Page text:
Today's article will be a departure from my usual scientific fare, and is a copy of an article that I recently wrote for a futurist website that I also contribute to. This is more of an editorial than a scientific review, and some users may wish to skip over it.

This has been a bad week for Facebook. By now I suspect most people are aware of the latest scandal, in which the user data of tens of millions of users was harvested by a British company that then used the information to influence voters in elections in both the UK and the USA. And worse still, it would seem that most of the data was harvested by accessing the accounts of user's friends rather than a direct attack.

As a result, users have become even more concerned about the level and quality of Facebook security and privacy controls. This issue has arisen before, but this scandal seems to be the biggest and most troubling yet due to its usage in manipulating real world events. And because of this scandal, millions of users have started to delete their accounts and end their connection to Facebook permanently.

The question then becomes, what will replace it? Social media has become too ubiquitous in our society to eliminate completely, and many services ranging from restaurants to taxis to banking to household utility bills now depend on users connecting to their Facebook account. The potential downfall of Facebook will leave a vacuum in the internet that will need to be quickly filled by a successor - but who will fill the void, and how will they improve upon the social media platform?

In my opinion, the next big revolution in social media is going to be no social media company at all! With the loss of Facebook and users more than ever worried about the use of their private information, I do not see the masses ever again trusting any company with this much access to their personal lives. We may see another company fill the gap temporarily, but I think the ultimate goal will be an open standard that is owned by no one.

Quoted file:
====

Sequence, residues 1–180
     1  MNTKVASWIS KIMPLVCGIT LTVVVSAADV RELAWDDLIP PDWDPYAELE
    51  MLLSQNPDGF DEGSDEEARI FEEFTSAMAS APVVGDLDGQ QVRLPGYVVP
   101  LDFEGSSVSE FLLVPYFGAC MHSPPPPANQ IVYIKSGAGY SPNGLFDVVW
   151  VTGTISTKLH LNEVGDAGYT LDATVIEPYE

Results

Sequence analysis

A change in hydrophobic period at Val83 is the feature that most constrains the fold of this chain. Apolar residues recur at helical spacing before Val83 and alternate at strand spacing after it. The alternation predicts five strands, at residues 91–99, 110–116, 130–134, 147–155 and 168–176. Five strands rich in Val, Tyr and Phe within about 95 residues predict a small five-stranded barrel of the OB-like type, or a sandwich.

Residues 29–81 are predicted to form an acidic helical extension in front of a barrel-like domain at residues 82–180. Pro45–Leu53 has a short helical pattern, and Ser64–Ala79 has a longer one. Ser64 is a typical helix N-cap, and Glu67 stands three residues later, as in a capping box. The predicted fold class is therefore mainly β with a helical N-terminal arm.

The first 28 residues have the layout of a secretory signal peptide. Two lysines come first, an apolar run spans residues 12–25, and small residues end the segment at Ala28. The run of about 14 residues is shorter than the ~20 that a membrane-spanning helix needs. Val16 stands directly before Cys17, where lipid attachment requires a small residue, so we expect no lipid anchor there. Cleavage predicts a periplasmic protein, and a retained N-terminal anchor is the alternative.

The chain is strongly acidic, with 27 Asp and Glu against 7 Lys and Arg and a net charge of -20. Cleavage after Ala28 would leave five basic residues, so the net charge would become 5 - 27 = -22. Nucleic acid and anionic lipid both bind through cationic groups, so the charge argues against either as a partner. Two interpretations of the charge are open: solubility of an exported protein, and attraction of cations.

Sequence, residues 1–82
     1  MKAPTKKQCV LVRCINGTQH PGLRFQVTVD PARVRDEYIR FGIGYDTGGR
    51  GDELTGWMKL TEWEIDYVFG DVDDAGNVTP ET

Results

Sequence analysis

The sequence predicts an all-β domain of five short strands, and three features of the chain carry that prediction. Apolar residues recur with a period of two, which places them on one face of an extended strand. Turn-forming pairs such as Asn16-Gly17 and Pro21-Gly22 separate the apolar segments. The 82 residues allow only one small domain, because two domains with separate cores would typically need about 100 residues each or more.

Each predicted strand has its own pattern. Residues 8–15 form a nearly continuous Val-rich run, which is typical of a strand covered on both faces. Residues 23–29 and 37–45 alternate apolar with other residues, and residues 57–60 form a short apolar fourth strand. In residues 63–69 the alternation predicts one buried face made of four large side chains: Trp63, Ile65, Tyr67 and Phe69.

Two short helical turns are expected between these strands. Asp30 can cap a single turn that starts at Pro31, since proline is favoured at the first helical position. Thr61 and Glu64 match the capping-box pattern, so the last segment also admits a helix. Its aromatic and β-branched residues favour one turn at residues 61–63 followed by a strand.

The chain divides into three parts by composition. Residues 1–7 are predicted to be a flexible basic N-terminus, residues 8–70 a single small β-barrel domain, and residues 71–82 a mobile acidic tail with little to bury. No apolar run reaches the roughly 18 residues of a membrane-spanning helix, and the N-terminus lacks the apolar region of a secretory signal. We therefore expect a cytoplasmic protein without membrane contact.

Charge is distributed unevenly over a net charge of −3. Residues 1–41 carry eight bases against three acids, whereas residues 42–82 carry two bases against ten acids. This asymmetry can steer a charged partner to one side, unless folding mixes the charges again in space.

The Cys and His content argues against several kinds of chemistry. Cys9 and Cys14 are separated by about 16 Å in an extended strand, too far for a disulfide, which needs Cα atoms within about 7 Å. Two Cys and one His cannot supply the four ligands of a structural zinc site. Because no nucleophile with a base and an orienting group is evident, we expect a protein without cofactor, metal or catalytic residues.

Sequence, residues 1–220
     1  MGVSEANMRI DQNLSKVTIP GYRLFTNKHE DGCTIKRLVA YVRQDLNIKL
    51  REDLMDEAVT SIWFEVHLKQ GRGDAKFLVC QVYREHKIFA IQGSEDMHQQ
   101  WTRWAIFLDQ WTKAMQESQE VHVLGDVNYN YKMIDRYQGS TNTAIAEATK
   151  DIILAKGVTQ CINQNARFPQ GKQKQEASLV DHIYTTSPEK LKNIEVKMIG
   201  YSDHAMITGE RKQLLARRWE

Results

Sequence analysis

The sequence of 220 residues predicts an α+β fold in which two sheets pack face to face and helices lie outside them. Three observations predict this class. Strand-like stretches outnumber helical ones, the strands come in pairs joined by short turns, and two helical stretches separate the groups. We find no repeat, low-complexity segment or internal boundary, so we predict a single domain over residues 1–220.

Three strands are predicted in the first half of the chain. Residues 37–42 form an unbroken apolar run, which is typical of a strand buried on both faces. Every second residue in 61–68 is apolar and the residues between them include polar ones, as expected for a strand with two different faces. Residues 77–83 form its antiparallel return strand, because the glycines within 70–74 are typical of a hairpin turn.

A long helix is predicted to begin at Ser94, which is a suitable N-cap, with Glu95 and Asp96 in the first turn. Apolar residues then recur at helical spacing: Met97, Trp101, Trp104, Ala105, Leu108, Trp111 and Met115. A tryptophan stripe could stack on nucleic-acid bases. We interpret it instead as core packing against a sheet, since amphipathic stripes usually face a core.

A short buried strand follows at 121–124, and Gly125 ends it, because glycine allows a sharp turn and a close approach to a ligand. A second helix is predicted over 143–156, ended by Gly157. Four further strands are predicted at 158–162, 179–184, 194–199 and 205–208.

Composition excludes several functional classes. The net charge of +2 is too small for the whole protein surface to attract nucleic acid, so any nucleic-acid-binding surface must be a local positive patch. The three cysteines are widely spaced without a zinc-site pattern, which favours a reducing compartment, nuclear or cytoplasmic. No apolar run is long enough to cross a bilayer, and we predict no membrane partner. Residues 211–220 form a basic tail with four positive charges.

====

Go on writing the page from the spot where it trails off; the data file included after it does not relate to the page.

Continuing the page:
Those of us old enough to remember the rise of the web in the 1990s will remember when standardized markup languages came to be. Hypertext Markup Language (HTML) is open to all users who wish to construct a website, and all browsers were programmed to interpret it to produce the final website. It was followed by other languages, such as HTML5, Javascript, PHP, and XML. In each case website programmers can use the language to develop their own websites and apps, storing it on their own computer server (or a company provided server), and all internet browsers can interpret the script to form the final website that the user sees.

My prediction is that the next revolution in social media will be a Social Media Markup Language (SMML). Where HTML has tags that identify such things as the website title, photos, or a variety of small widgets and applications, I foresee SMML having tags to indicate such things as a newsfeed, or a friend list, or profile photos. The traditional features of social media platforms will be replaced with a standardized language that will offer the same features, but will also allow customization.

The each user will be able to maintain an account that suits their own needs. Tech companies will offer competitive packages that offer different levels of security and encryption. Advanced users can program their own versions of the social media apps that offer custom features and security. And then because the basic language has been standardized different SMML websites will be able to connect to each other, in the same way that HTML websites can link to and embed HTML code from other websites. And then no longer will social media giants such as Facebook or Twitter be able to dominate the markets with their monopolies. It will then be entirely up to individual users to control their own information and privacy.

So when will this happen? I honestly do not know. It could be brought in within the next few months if people remain afraid of Facebook and other media giants, or it might never happen if users quickly move on to the next fashionable fear. We just don't know.